Young thespians hit yellow brick road
Audience members are invited to walk down the yellow brick road with the next generation during Superior School District’s performance of “The Wizard of Oz.”
“This is a classic that we’ve all seen as kids,” said assistant director and “Mamma Munchkin” Tia Conley, an Engish teacher. “It’s a musical that is generational.”
Director Penny Bell chose “The Wizard of Oz” for many reasons.
“It is a classic musical that most of us love and know well, it offers many roles for munchkins as well as leads, but the biggest reason is because it is the 75th anniversary year for ‘The Wizard of Oz,’” said Bell, the choir teacher at Superior Middle School. She got a flood of response. A cast and crew of 90 students in grades 4-12 are bringing the production to life, fitting the traditional four-month rehearsal schedule into four weeks.
“When I heard I was like, ‘Oh my gosh, I love this movie,’” said eighth grader Hanna Hughes, who steps into the ruby slippers of Dorothy Gale.
“I couldn’t believe when I was saying ‘Lions and tigers and bears, oh my,’” said seventh-grader Andrew Lisak, who plays a munchkin guard and is understudy for the tin man, lion and scarecrow roles. “That was like a childhood dream.”
“Wasn’t everybody scared of the monkeys?” Hughes asked. “I used to be terrified of those monkeys.”
Tenth grader Rachael Tuve worked on her flying monkey moves Wednesday, hunching over and bobbing about, snatching main characters at the bidding of the Wicked Witch of the West, played by senior Brooke Nelson.
The play moved at a brisk pace, following Dorothy and her friends as they set off to see the wizard and secure the witch’s broom. What sets this version apart from the movie is the vibrant characters, students said.
“The lion is definitely one of the funniest,” Andrew said. “He has that Jersey kind of ‘Rawr.’”
Audiences can watch tornado Kathy live on stage, see Munchkins transform between scenes, hum along to familiar music and see Piper the dog’s stage debut. The 9-year-old Yorkie-poodle mix stuck close to Dorothy’s side Wednesday, even without a leash.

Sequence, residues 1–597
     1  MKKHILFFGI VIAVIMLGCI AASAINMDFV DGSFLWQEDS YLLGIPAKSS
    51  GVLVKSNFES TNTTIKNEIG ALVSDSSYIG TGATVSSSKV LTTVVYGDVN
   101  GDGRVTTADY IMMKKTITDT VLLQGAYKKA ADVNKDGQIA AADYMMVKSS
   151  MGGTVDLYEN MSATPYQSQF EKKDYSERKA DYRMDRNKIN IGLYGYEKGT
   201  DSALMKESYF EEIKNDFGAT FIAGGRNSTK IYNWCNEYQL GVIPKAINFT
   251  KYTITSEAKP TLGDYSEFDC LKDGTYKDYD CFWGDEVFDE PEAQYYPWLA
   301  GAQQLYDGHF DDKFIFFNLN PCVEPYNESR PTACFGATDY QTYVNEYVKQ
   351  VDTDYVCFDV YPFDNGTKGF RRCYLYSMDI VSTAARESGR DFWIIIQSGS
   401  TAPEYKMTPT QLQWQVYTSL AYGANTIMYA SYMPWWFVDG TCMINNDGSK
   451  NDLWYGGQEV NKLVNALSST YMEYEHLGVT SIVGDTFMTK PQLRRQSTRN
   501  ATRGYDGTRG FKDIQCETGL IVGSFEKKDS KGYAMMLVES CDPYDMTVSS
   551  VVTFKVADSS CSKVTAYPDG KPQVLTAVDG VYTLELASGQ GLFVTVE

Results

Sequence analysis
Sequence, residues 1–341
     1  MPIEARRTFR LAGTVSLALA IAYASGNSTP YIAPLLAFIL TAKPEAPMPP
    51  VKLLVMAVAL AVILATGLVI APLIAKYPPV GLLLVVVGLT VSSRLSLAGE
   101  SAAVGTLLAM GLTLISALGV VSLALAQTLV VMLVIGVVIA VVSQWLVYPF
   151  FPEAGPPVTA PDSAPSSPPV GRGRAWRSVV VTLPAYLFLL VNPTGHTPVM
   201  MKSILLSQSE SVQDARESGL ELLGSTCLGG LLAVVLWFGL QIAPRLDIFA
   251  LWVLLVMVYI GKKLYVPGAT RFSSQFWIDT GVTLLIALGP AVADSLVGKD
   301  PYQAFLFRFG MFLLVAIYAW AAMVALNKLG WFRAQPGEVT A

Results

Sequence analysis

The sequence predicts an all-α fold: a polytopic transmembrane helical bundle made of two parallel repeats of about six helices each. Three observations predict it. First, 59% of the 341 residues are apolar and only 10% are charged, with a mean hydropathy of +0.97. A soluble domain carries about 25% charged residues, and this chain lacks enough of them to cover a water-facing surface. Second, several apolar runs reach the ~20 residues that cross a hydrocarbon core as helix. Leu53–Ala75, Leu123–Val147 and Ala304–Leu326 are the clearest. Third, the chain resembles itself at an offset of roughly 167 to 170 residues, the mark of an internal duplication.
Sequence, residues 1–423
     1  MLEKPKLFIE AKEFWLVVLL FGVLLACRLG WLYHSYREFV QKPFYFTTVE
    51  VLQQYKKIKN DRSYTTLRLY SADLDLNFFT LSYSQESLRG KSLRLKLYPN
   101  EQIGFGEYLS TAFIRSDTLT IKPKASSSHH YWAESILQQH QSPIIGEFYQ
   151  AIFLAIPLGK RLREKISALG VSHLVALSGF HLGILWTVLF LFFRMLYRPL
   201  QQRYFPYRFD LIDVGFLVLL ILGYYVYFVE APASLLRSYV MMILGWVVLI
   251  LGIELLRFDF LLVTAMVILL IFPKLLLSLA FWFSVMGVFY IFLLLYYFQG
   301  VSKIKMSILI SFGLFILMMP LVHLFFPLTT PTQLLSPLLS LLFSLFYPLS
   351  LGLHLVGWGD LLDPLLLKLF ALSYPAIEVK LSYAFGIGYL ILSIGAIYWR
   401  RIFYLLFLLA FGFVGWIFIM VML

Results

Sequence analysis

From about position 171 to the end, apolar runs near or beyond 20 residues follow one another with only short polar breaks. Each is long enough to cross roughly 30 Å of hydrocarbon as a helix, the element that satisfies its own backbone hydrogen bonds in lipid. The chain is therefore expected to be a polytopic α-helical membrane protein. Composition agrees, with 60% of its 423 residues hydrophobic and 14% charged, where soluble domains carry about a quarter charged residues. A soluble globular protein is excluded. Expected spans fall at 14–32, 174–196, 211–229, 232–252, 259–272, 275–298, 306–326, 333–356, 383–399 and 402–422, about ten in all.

Aidan McGrady, an eighth grader working the lights for the production, gets to watch the entire play unfold from the tech table. He said his favorite scene is when the wizard, a giant head with shifting eyes, appears amid a batch of special light effects.
“It is an incredible Oz head,” Bell said, made by Superior High School teacher Ed Johnson. Her favorite scene is when the curtain opens to Oz and the Munchkins.
“I think it’s so fun watching the mayor, the little kids up there with her,” Bell said. “Audiences can expect to be entranced by the land of Oz, where they will see over 60 Munchkins dancing, singing and thoroughly enjoying their stage experience.”
Working with the younger children can be challenging, the thespians said. They don’t always listen and they can be stubborn, according to Andrew. But they bring a joy to the show the older students appreciate.
“They give you hugs,” said Hadeel Huwaish, a ninth grader member of the backstage crew.
“And it’s also really fun because all the little kids come up to you and act like you’re famous or something,” said ninth grader Adele Leskala, who plays the Tin Man. “They ask you all these questions about your costume and stuff, it’s really fun.
“They’re like my biggest fans.”
The musical will be performed at 7 p.m. Thursday and Friday and 2 p.m. Saturday in the Superior Middle School auditorium. Tickets are $5 for adults and $4 for children age 12 and younger.
“They’re pre-selling like crazy,” Bell said. “I think they’ve already sold over 300.”
Tickets can be purchased in advance from cast members, the Superior Middle School office until noon and at the district administration building. They will also be available at the door.